The Toxin of Televisuality
As the democratic dangers posed by social media are exposed, the degradation of our politics by the small screen should not be forgotten, writes AC Grayling
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A fact now accepted but not yet satisfactorily addressed is that democracy faces challenges from social media – not least its use to micro-target profiled groups with political messaging that others cannot see or challenge. This, and the other ways in which it undermines democracy, needs much more attention.
But significant aspects of what has happened in the political culture of ‘advanced’ democracies owes itself to a much longer-term change in communication technology – one that dates all the way back to the mid-20th Century and which, because of its familiarity, is overlooked as a major factor: television.
Donald Trump is the culminating example of its most negative influence on politics. Of course, television has a positive influence too, bringing the world and some of its realities into living rooms and allowing people to see and hear more of politicians. But when one weighs the negative against the positive, the result – arguably – is that television has a detrimental effect because of how viewers respond to it.
For television confers recognisability, which when repeated becomes celebrity – and, unlike the content of discussion on radio or in print, what is said on television is often quickly forgotten so that what anyone says is vastly less important than the fact of their being seen to say it. Repeated visual exposure to the public eye, especially if one looks good on camera, makes for fame, and ‘being famous’ (sometimes, even infamous) is enough to confer a big head start in political terms.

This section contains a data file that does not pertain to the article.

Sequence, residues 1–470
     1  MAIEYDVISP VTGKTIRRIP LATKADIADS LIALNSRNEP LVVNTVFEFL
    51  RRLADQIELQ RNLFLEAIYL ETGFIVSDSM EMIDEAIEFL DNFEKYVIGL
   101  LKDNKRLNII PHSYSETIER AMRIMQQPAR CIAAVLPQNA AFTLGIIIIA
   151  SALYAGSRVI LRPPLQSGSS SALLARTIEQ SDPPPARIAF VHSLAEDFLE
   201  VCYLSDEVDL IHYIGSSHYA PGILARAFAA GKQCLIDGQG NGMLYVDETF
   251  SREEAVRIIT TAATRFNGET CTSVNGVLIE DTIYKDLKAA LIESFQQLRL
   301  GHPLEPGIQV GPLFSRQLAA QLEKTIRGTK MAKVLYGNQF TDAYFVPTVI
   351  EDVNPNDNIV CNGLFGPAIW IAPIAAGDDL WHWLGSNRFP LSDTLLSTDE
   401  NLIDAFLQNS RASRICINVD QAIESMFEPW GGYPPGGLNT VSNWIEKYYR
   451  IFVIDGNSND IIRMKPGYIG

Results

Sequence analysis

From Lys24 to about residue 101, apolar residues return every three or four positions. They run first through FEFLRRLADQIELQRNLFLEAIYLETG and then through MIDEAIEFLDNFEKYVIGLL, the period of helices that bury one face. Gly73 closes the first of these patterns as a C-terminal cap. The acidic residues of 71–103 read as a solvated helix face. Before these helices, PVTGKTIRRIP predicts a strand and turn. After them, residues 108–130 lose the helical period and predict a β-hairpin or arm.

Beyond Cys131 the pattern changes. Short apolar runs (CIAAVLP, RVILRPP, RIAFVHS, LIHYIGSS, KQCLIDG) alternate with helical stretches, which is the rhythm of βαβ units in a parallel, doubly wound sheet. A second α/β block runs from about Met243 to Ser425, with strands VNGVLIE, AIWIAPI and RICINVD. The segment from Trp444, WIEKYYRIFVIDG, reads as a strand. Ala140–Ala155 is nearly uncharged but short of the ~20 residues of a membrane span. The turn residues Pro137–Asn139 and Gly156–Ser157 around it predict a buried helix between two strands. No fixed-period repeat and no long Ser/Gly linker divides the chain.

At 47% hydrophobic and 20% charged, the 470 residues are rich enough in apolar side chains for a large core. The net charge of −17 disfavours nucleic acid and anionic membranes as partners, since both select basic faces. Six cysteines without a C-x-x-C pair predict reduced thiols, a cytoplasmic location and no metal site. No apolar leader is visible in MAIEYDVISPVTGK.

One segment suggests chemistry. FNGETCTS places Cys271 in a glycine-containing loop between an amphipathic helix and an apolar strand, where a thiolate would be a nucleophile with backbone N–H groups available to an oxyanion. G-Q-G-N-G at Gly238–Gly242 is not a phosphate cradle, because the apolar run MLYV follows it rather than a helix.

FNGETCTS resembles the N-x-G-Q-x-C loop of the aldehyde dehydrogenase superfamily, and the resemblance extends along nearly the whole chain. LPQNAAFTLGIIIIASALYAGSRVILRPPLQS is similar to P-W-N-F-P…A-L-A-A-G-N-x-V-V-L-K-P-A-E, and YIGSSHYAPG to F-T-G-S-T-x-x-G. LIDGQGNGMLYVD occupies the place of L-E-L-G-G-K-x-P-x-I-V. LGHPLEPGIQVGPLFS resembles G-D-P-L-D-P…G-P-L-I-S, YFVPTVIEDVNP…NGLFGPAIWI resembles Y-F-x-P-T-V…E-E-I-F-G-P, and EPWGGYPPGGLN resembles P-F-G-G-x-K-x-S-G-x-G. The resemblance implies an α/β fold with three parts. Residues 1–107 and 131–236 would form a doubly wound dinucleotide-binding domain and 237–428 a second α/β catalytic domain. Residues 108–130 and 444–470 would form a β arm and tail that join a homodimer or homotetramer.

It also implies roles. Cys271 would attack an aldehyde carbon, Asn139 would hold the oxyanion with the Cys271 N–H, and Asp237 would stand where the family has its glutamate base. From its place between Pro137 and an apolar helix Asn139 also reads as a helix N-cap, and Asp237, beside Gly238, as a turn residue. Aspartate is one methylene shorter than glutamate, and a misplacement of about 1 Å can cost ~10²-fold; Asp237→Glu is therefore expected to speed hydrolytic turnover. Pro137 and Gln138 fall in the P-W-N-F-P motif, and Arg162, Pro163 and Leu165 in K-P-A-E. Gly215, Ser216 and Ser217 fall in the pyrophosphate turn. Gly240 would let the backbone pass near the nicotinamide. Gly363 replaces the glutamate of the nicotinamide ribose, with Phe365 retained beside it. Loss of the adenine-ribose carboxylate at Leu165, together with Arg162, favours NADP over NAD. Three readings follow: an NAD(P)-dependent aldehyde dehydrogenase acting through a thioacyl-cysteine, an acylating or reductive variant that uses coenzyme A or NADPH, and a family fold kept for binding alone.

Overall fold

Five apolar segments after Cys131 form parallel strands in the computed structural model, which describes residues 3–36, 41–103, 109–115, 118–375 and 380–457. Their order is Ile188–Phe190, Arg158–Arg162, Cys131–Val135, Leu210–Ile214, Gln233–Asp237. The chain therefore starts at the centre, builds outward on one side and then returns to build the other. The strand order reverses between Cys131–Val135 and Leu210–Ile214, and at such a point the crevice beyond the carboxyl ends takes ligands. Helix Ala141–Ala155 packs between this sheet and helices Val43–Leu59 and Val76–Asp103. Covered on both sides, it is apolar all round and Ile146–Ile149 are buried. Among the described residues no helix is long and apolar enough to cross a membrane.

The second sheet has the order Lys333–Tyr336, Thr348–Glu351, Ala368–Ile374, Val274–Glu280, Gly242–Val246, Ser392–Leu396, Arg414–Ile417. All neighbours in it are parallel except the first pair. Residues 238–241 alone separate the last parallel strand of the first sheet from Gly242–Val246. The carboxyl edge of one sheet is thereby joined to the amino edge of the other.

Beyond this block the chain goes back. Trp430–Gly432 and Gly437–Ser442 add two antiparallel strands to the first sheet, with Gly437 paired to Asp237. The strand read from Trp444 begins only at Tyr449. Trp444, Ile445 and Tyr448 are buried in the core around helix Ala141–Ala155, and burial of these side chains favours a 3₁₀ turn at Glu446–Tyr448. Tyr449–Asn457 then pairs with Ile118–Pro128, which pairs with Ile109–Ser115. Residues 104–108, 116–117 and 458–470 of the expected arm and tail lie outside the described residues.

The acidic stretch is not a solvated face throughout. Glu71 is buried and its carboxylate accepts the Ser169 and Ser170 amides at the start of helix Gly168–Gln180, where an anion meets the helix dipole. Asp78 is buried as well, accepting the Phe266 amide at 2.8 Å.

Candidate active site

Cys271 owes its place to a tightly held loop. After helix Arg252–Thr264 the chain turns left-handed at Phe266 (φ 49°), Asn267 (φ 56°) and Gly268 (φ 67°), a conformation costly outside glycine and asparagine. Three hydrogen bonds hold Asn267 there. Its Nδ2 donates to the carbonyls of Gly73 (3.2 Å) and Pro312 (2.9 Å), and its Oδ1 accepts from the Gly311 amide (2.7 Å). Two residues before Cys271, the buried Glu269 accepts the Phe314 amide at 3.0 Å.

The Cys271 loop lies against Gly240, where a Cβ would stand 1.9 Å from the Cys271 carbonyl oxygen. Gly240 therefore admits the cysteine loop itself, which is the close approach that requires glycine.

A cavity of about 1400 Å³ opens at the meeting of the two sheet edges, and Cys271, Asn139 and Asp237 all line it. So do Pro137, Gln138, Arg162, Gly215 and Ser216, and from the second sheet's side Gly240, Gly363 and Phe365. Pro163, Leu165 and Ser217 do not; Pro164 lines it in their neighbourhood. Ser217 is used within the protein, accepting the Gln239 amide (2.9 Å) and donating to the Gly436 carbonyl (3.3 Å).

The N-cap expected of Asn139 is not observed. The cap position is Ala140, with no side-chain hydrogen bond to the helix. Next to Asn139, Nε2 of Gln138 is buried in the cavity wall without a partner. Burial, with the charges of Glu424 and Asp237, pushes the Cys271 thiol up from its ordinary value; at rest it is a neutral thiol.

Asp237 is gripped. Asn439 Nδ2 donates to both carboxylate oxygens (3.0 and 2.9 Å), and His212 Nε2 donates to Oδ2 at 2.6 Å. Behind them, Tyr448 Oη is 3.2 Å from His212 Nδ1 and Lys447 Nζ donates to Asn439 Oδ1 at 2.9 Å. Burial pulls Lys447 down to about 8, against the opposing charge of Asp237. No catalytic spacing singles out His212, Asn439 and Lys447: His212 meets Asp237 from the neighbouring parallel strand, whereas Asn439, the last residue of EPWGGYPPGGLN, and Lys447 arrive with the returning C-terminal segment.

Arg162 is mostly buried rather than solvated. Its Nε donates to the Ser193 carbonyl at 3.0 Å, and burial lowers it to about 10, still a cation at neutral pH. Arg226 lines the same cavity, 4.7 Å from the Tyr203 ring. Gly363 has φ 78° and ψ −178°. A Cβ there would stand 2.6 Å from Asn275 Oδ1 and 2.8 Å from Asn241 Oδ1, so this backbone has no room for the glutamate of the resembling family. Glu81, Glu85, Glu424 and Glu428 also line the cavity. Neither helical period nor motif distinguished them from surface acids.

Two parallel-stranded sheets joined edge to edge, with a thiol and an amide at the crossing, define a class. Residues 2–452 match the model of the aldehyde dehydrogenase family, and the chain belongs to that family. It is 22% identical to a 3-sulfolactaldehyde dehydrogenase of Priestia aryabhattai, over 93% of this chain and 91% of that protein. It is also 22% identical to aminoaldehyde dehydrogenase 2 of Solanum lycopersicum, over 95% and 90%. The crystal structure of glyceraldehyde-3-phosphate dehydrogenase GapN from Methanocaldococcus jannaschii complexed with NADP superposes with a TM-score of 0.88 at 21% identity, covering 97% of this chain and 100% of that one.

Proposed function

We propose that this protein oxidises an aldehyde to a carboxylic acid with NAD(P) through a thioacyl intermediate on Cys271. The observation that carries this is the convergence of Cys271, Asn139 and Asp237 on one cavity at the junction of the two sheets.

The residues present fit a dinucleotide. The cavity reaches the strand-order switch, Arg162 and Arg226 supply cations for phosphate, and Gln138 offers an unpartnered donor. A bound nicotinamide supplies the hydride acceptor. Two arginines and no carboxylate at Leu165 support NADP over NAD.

Trump ticks every box for the kind of person no one should ever vote for. A critic might be forgiven for describing him as a shallow, narcissistic, uninformed, unprincipled, bloviating, childish egomaniac – and even if that goes too far, it remains that he has repeatedly been seen and heard to say stupid and ignorant things in public, to give vent to unpleasantly sexist sentiments, and to mock disabled people. You would think few could give him credence. Instead, he was elected President. How can this be?
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Sheer televisual familiarity means he has filled American television screens for decades and that trumps (yes) all the negatives for that portion of the population who might consider putting him back in the White House in 2024. He has learned that the celebrity created by visibility excuses almost everything said or done, however crass or repellent, among a big enough section of society to get him into the White House without the intellectual or moral equipment to sustain him in it.
Televisuality’s key role in political careers began in the 1950s and has grown along with its technical capability to provide 24-hour coverage from almost anywhere on the globe.